Six tips you must read if you want a graduate surveying job this year
Shyam Visavadia had good academic results as a graduate in geography and urban and regional planning. He had a CV filled with part-time jobs and involvement in student societies and sporting events. But still, when he applied for real estate and surveying firms’ graduate schemes, the rejections flooded in. ‘I was demoralised, hurt and genuinely shocked,’ he says. ‘I had been confident that I would gain a role at a reputable real estate organisation first time round, but this didn't prove to be the case.’
‘I soon realised I wouldn't be getting onto a graduate scheme that year, but I couldn't see myself working in another field. So, I decided to undertake further study and gain an RICS-accredited postgraduate diploma in surveying.’ He did some research, questioned current students on courses and enrolled in a College of Estate Management course via distance learning. He stayed at home and funded his course via a graduate loan, the help of his parents and running his own laptop repair business. He also spent that year making himself more employable, and he has some tips for you on how to ensure you get a job first time around.
'One mistake I made when I started applying the first time round was writing generic answers for all of the application form questions and not tailoring my applications to the specific company I was applying to,’ recalls Shyam. ‘This time around I tailored my answers and got interviews from most of my applications, so this does work!’
Tailoring your answers to the employers isn’t actually that difficult, although it can take a little time. It centres around three things:
- Demonstrating your knowledge of the employer whenever you can. So, if answering questions about why you want to work in the industry say that you particularly want to work in property for that firm ‘because…’ If answering questions about why you are applying for a job with the firm, say something specific about the company instead of something generic. Show how your interests and values align with the company’s.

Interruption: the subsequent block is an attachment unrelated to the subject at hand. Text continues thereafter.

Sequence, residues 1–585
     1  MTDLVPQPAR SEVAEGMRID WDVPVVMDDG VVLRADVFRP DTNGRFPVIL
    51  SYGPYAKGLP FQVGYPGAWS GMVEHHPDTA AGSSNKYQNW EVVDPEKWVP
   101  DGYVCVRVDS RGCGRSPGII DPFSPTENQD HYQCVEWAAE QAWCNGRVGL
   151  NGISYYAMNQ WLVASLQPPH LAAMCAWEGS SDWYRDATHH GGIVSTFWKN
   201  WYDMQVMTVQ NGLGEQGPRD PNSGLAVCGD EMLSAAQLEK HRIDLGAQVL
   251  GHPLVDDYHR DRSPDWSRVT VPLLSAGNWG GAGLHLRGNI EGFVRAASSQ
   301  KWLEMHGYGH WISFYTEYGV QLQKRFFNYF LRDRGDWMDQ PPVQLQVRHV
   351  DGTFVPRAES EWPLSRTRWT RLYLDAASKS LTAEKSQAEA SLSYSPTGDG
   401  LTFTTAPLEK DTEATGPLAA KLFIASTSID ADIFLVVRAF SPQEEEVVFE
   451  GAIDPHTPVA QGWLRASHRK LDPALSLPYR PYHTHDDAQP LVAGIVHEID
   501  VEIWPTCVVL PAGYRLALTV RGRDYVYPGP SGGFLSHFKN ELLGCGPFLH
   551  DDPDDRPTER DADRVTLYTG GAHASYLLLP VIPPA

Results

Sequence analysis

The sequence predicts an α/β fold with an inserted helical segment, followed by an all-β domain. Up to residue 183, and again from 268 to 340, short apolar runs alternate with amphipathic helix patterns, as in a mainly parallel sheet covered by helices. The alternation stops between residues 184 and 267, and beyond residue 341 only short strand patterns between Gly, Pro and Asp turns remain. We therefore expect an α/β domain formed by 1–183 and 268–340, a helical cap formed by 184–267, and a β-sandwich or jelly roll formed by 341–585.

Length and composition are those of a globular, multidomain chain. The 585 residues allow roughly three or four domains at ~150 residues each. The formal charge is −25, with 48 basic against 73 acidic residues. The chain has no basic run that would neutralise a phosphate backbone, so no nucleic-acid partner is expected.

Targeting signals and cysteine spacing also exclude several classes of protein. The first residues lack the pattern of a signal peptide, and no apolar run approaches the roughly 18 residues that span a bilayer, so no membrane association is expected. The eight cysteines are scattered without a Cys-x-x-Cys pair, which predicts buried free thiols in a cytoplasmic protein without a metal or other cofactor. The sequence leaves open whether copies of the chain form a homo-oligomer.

- Actually answering the question you’re being asked – write your answer from scratch even if the examples you use are the same as you’ve used in questions for other firms.
- Show that you have the skills they want, using the same language as they do. For example, if you are asked about your interpersonal skills, use this wording in your response rather than social skills, even though they mean almost exactly the same.
Keeping an eye on the news affecting the companies you are applying to will help you with this – and is key to getting work experience.
Shyam found that a bit of organisation really helped him to get hired. First up: the power of the diary! ‘This year, I’ve kept a diary scheduling my time and work. I’ve used it to schedule networking meetings, assignments, work experience dates, application deadlines, lunches and my social life. In the first few months I hardly wrote down anything, but now I write in it three to four times a day! I honestly believe that this is how I manage to get everything done.’
As he points out, the diary is also evidence of his good time management: ‘I’ve also showed this in an interview to prove to the interviewer that I am more than capable of fulfilling the time management and multi-tasking element of the role.’
The other tool he used in his job hunt was MS Excel. ‘Make a spreadsheet with all the companies you would like to work for,’ he advises. ‘Write down open/closing dates and what schemes, jobs or internships you are applying for. Use a traffic light system to identify your progression. Also write down the name of the person you’ve been liaising with and their contact details and keep them as a point of contact.’
When approaching job-hunting, Shyam’s advice is to break down the task of “getting a job” into smaller ones. ‘I believe setting small achievable goals is a way to achieve long-term goals.’